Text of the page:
In 1981, Dr. David Gaskin, a professor at the University of Guelph in Ontario and a pioneer in harbour porpoise research, founded the Grand Manan Whale & Seabird Research Station.
Since its inception the Station has researched harbour porpoises, North Atlantic right whales, seals, seabirds, and more recently, basking sharks and lobsters.
Its proven record of community-based stewardship and conservation initiatives garnered the Station a Gulf of Maine Visionary Award in 2001.
The GMWSRS pioneered the Harbour Porpoise release program in 1991 and has worked extensively with weir fishermen to promote the safe release, conservation and recovery of this species in the Bay of Fundy.
The Canadian Right Whale Recovery Plan, large whale disentanglement networks and ethical whale watching practices education are also an integral part of our efforts.
I was first invited to come to the GMWSRS in 1989 to assist an MSc student with a project that examined the foraging ecology of the large whales that inhabit the Bay of Fundy. I had just finished my BSc (University of Guelph) and really had no idea what I wanted to do except that it would have to be something that involved the ocean!
I fell in love with Grand Manan and The Research Station and knew right away that it would remain an important part of my life.
Decades later, I still return to Grand Manan several times a year to continue doing marine based research. Broadly speaking, I use biologgers and radio tags to examine the movement and migration patterns of various organisms as they transit into, around and out the Bay of Fundy.
Over the years this has included studies on harbour porpoises, various seabird species and currently, the movements and diving behaviour of basking sharks. Recently, I have also worked with several MSc students on a long-term project that is examining changes in the abundance and energetic value of the zooplankton population in the Bay.
I also hold the position of Research Associate at the University of North Carolina Wilmington.
I grew up in Ontario and attended the University of Guelph for both my BSc and MSc degrees.
It was during this time (1992) that I first travelled to The Research Station to work as an undergraduate assistant.
I have returned every year since, all whilst finishing my PhD at Duke, my post doc at Wood’s Hole and landing an academic job at the University of North Carolina Wilmington, where I now serve as Chair of the Department of Biology and Marine Biology. During the past 30 years my work and research at the GMWSRS has evolved from being mostly harbour porpoise based to working more closely with lobsters. The goal of this work is to better understand their reproductive biology and how that relates to the health of the fishery. My colleagues and I are also currently working actively to monitor the year- round seawater temperatures in the Bay of Fundy in the context of global warming, and how that relates to changes we are seeing in the biological community that inhabits the Bay.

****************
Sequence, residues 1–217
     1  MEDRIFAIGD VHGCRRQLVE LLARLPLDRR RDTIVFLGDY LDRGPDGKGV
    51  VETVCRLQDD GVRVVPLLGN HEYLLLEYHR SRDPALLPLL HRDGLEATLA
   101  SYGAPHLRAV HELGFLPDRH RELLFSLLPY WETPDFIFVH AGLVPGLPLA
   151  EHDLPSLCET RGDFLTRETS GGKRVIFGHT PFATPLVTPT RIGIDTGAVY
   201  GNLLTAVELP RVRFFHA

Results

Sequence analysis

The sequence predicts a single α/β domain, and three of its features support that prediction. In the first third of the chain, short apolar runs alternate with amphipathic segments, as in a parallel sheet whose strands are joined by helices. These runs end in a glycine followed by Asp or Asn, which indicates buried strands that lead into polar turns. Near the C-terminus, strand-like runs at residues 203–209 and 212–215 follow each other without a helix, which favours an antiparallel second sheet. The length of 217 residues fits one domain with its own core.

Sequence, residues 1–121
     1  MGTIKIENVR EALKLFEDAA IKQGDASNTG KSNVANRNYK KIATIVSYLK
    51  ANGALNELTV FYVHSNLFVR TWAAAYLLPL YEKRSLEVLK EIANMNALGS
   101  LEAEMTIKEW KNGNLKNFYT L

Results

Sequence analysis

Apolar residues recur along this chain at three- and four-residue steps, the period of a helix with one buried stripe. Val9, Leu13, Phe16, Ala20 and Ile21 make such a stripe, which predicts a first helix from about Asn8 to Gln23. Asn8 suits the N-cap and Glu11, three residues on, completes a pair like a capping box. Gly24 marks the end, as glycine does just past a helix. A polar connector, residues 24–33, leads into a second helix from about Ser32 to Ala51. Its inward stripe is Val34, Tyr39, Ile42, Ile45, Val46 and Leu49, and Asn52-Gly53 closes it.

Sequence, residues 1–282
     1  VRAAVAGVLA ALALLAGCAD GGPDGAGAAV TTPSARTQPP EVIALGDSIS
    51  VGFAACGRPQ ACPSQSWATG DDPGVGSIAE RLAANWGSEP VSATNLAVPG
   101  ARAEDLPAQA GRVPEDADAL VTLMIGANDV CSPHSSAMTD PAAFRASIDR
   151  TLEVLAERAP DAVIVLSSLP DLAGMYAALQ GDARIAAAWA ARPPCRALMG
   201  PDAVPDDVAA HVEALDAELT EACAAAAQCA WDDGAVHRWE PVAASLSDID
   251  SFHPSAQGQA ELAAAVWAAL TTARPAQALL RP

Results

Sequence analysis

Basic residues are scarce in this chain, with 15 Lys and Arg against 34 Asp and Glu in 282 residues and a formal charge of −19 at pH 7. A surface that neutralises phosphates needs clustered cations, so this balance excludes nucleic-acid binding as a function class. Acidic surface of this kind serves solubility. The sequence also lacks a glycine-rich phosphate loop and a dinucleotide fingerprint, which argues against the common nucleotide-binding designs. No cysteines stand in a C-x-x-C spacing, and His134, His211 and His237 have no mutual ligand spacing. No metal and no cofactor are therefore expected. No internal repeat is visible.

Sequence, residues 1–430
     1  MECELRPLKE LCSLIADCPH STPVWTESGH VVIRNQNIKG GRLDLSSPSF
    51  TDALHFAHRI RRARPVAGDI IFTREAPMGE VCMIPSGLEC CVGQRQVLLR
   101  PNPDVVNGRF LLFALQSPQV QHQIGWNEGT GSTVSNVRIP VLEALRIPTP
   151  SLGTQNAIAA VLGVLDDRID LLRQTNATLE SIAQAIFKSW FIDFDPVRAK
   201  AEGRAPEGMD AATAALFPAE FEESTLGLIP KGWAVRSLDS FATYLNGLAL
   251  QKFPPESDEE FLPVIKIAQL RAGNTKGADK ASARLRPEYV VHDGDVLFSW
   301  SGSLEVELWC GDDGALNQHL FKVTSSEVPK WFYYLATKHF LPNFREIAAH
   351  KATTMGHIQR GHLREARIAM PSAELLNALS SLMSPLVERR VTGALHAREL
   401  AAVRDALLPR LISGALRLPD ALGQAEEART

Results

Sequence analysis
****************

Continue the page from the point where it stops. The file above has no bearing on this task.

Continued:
An islander born and bred, Ken’s many years of experience on the waters of Fundy have made him the go-to guy for data and biological sample collection. His vast practical experience with the marine mammals, seabirds and other wildlife of the Bay, as well as the many fisheries of the island give him a unique perspective on the need for balancing science and conservation with both economic reality and the changing trends of the biological life of the Bay as well as the waters of the Bay itself.
Laurie Diane Murison, B.Sc., M.Sc., Hon. PhD. Science, left a legacy of achievement for the marine mammals of the Bay of Fundy. Foremost among her contributions was the marine research she undertook for nearly two decades, which proved beyond any doubt the link between North Atlantic right whale mortality and the then-location of the Bay’s shipping lanes through a food-rich area which was the whales’ summer habitat and nursery. Ultimately, the lanes were relocated as a direct result of Laurie’s findings, an unprecedented move in the history of oceans and shipping traffic, and one signed unanimously into law by 167 countries around the world.
Laurie’s work greatly contributed to the survival of the critically endangered North Atlantic right whales in the Bay of Fundy. We remember her with great pride and, above all, gratitude for the joy of having known her.